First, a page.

I think Dave has it nailed exactly. His opinions are further to the left than my own but he has kept those opinions out, here. I find his precis quite intellectually honest.
.


Thanks, Isaac. It's not that I agree with Romney about much of anything, I just think this attack and the subsequent made-for-TV controversy were both a lot of BS. In terms of cold, hard reality, Rosen's clumsy handling of a talking point gave the GOP what they needed to paint her and by extension the Dems as being insensitive to working moms. It didn't really work because the points had to be stretched so thin, but it's no more honest for liberals to pretend that this shows some hypocrisy on Romney's part than it is for conservatives to pretend they honestly believe this stupid soundbite actually tells us anything about the liberal attitude towards women.

That said, this is an election year and this is the muck elections are made of. This certainly won't be the last time we see some nonsense like this.

Edit: The writing major in is totally appalled that I used "this" four times in the last two sentences. Just thought you should know.
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I guess what it boils down to is people trying to get a foothold and hoping to make each other look bad.

I don't care one way or the other for any of them but it's entertaining.
Thanks everyone.


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djgutierrez77 wrote:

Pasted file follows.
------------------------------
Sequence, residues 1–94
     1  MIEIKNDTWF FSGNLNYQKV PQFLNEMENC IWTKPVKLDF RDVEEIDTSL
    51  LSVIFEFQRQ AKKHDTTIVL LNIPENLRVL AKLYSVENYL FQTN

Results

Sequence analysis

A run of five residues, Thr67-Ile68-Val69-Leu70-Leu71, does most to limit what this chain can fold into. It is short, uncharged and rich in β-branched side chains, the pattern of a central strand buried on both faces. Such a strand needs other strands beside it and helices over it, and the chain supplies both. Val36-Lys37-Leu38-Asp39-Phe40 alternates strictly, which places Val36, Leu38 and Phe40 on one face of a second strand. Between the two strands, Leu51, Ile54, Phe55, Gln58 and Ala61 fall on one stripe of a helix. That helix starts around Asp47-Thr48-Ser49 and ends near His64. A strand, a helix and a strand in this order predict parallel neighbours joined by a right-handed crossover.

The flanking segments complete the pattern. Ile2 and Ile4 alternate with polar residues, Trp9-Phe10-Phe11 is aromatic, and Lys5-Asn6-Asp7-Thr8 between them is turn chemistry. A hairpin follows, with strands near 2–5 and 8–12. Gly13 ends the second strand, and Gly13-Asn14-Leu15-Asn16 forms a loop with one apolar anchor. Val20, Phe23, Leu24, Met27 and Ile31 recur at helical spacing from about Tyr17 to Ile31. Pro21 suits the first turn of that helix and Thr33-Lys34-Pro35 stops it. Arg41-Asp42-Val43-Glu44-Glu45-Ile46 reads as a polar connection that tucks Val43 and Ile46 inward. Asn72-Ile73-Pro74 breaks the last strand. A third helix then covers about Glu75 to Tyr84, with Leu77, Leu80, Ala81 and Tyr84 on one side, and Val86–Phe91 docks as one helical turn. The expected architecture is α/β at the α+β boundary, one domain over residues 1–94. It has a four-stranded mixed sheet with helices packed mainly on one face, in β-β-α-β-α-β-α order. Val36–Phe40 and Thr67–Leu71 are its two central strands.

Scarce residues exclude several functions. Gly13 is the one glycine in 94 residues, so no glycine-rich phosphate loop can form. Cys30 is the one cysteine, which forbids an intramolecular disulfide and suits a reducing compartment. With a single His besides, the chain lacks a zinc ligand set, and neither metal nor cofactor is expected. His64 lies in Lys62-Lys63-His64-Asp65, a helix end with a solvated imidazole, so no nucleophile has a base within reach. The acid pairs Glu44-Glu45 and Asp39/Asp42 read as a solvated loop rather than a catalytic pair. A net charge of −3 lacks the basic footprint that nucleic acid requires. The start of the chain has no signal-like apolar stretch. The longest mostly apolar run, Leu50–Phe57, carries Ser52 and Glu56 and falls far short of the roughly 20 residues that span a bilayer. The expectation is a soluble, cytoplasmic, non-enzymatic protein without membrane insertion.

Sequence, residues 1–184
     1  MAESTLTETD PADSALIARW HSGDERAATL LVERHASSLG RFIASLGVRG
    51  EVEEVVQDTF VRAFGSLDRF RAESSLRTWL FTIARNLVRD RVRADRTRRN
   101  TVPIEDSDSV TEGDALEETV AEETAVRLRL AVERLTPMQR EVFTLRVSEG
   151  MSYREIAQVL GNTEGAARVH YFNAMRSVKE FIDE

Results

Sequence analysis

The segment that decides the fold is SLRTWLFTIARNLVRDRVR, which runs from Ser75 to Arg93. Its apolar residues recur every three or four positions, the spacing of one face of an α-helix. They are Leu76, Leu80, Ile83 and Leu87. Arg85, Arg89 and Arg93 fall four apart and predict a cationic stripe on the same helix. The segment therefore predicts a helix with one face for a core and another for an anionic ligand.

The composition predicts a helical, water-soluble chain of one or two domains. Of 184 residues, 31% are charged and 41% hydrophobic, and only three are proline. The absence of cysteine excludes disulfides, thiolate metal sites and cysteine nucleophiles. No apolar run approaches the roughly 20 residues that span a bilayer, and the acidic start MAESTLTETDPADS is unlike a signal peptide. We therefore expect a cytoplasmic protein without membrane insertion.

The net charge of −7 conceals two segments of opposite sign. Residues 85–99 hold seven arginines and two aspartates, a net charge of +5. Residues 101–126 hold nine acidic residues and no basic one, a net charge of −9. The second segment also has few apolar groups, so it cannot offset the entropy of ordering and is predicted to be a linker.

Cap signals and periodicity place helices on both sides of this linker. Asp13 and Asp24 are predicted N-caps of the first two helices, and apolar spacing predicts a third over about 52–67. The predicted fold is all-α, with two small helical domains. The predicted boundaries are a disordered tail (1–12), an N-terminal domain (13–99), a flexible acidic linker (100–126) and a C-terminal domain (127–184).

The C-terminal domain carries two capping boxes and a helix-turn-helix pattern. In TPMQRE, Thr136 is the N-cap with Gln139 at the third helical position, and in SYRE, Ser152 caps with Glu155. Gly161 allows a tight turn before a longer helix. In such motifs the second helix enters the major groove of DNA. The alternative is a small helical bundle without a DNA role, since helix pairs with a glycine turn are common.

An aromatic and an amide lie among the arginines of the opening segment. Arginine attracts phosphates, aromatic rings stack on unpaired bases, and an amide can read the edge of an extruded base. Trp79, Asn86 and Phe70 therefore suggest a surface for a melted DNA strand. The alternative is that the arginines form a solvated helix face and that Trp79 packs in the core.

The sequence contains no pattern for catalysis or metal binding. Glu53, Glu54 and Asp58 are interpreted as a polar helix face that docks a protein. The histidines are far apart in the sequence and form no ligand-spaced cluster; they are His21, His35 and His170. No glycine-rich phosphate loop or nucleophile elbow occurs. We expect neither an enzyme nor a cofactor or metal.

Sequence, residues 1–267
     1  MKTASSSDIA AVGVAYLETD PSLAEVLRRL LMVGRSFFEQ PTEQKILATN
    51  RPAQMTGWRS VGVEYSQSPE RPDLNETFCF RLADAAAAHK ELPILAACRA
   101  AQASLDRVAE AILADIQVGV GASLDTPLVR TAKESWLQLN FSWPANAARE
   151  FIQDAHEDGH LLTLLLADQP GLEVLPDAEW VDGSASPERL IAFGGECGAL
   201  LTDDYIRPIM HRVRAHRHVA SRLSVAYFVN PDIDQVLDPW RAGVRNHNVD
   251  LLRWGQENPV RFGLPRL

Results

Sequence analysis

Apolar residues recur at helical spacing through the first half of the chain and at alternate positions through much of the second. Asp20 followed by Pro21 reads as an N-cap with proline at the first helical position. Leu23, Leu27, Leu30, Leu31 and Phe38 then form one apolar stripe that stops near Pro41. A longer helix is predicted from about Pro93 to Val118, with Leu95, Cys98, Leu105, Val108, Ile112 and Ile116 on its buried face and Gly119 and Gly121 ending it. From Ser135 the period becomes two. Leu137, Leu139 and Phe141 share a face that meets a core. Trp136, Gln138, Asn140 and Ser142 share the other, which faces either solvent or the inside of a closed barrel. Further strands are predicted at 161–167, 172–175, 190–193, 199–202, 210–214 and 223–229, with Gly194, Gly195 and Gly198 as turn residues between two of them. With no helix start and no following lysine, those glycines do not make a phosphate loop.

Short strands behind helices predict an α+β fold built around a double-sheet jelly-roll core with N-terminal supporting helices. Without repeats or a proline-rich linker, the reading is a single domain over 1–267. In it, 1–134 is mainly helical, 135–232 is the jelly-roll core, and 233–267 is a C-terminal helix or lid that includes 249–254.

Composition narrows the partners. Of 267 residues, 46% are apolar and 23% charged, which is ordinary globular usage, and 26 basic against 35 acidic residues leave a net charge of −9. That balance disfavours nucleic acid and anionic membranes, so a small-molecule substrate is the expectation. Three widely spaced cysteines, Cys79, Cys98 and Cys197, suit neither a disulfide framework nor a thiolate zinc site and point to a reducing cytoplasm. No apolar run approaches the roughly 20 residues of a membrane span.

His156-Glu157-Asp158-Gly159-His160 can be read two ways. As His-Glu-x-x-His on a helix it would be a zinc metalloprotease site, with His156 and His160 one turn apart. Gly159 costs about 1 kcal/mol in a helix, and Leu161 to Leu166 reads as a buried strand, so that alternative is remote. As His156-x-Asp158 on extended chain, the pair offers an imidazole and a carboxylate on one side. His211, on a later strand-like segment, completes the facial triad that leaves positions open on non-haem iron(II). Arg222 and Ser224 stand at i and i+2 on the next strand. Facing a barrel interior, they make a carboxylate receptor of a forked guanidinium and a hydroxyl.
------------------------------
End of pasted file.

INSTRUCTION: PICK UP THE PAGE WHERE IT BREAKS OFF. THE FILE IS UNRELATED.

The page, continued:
rshipley wrote:
Given the context of women's economic concerns, wasn't Rosen using "work" as shorthand for "earning money to support your family" in almost the exact same way?


I don't think so, no. Rosen was trying to say it was dumb for Romney to listen to his wife on the concerns of working women because she's never had a job. She clumsily handled the talking point and made it sound like she was ripping on Ann Romney for being pampered and never having to work. Romney's campaign tried to spin it further, as if she was suggesting that all stay at home moms are pampered and don't have to do any work.

Rosen was using "work" as shorthand for "Ann Romney's rich ass hasn't ever had a job." Which, as I mentioned, is only a valid point if we do engage in the same hyper-partisan spin game and try to make it sound like Mitt Romney's only connection to women's issues is through his wife while also pretending it's ok to suggest that because Ann Romney is wealthy and doesn't have to work she could never understand working women's issues.

If you think the first point is valid, I'd venture to suggest that Mitt Romney has probably figured out that listening to only his wife on any issue is unlikely to get him the information he needs. If you think that second one is valid, I encourage you never to speak up on behalf of women's rights again, seeing as how you couldn't possibly understand women's issues what with not being a woman.


I think both of them used the word "work" in a way that would exclude taking care of your own children. I'm not defending Rosen's comment or attacking Romney's earlier statement, but I think it is fair to compare the two to show that there was no real substance here other than something that sounded insulting and was fairly quickly apologized for.
 
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rshipley wrote:


I think both of them used the word "work" in a way that would exclude taking care of your own children. I'm not defending Rosen's comment or attacking Romney's earlier statement, but I think it is fair to compare the two to show that there was no real substance here other than something that sounded insulting and was fairly quickly apologized for.